Cranberries are okay.
The advice to eat more fruits and vegetables is always sound. An easy and enjoyable way to do this is by adding more berries into your diet. Tossing some cranberries on your breakfast cereal, in your smoothie or with some granola is a good way to both enjoy your food more, and better your nutrition.
Berries tend to be one of the types of fruits that are low FODMAP. Although, not all berries fall into the low FODMAP friendly category so you still have to choose your foods carefully and wisely.
Cranberries are low in FODMAP. They do contain some sugars which are FODMAPs but not in any significant quantity. So, as long as you don’t eat large bags full of cranberries then you can easily add in these tasty berries into your diet.
The recommended portion for cranberries on a low fodmap diet varies depending on which authoritative source you seek out.
Generally speaking it varies from 1 tablespoon (13g) to 1 cup of chopped berries.
I know that’s a big range in terms of quantity, but seeing as cranberries are a low fodmap food I’d suggest starting out on the smaller end and waiting 24 hours to see if it had any effect on you.
The key take away when trying out a low fodmap diet is not to avoid all high fodmap foods, but to identify which ones trigger your gut symptoms. Not everyone reacts to the same fodmaps in the same ways.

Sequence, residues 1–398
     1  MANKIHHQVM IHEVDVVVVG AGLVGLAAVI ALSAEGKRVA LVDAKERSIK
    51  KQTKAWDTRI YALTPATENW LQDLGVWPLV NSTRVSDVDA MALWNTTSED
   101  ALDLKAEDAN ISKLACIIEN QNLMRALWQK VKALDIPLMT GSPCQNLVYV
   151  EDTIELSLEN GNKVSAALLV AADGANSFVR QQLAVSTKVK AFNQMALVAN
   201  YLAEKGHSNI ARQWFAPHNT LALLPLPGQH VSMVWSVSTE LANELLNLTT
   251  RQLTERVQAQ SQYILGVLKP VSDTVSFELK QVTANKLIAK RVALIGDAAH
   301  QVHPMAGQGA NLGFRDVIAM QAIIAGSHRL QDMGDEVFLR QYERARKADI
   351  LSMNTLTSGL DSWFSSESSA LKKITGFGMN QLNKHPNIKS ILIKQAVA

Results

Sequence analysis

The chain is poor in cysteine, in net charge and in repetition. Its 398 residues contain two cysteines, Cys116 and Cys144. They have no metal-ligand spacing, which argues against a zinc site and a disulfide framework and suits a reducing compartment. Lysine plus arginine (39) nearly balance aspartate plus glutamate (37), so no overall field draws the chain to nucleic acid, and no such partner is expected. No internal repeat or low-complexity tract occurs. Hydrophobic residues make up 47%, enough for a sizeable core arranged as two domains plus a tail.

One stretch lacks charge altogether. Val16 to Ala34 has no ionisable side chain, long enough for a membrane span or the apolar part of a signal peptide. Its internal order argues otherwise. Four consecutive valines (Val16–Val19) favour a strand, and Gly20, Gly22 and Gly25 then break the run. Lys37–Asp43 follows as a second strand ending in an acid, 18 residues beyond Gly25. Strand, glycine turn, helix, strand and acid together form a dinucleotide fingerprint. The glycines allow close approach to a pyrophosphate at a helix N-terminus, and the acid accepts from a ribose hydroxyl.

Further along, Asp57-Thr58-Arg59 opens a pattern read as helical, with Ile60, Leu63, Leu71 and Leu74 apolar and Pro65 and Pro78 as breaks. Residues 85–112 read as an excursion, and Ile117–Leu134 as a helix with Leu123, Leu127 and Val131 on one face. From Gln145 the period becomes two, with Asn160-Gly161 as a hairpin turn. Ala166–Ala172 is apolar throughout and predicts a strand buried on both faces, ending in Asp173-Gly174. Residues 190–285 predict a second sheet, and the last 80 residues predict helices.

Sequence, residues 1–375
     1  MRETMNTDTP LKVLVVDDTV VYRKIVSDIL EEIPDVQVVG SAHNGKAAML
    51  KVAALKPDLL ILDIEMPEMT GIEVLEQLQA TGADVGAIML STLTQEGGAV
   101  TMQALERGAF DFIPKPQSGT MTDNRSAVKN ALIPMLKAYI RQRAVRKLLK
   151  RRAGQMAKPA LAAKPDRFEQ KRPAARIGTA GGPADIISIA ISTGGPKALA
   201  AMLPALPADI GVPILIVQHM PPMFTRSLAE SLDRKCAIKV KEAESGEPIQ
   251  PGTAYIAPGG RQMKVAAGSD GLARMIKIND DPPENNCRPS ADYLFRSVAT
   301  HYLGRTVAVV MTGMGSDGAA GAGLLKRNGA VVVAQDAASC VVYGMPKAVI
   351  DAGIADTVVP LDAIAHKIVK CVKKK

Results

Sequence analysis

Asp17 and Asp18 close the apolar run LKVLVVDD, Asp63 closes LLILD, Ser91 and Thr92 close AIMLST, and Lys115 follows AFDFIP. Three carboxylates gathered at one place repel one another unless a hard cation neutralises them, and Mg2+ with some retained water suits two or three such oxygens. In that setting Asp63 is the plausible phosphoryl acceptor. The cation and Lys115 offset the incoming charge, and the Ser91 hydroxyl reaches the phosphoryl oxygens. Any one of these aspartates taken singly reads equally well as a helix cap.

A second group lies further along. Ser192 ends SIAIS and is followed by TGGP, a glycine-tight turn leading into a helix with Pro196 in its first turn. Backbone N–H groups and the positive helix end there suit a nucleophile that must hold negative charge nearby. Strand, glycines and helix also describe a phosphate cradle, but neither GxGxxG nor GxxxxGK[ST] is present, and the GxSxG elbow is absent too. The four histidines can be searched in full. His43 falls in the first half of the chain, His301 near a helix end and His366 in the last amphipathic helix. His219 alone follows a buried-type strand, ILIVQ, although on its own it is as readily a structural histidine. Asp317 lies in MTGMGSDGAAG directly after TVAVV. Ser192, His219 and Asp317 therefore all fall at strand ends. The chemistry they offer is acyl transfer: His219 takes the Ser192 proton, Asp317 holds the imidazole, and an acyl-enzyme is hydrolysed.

The way it’s usually gone about is to start off by trying to figure out which high fodmap foods are triggering, by first removing all high fodmap foods for two weeks. After that period of time with no fodmaps in your system you would then test 1 high fodmap food at a time.
It’s recommended that you keep a journal to write down any reactions you get or even non-reactions.
Pay attention to any digestive symptoms such as bloating, gas, abdominal pain, or diarrhea. Test 1 high fodmap food every three days taking note of symptoms in your journal.
The primary fodmaps in fruit are fructans, monosaccharides, and polyols. The fruit sugar fructose is a monosaccharide. Polyols are sugar alcohols such as sorbitol, mannitol, maltitol, xylitol, polydextrose, and isomalt – in other words sweeteners that we usually find in many foods with the worst being chocolate and gummy bears.
The main monosaccharide that we are concerned with when it comes to fruit, that can also act as a fodmap, is fructose. Fructose is a simple sugar found in every fruit. It’s only a problem if you have too much of it, for example eating an entire bag of cherries, where you would get IBS or gut symptoms.
Fructose being absorbed into the body is what we want. When fructose stays in the bowel that’s where we tend to have problems. Fructose tends to be absorbed a lot easier into the body when there are other sugars present with it such as glucose.
Cranberries fortunately, contain fructose, glucose and sucrose and so the fructose has a much better chance of leaving the large intestine and being absorbed into the bloodstream, therefore leaving YOUR large intestine alone.
Hope this helps.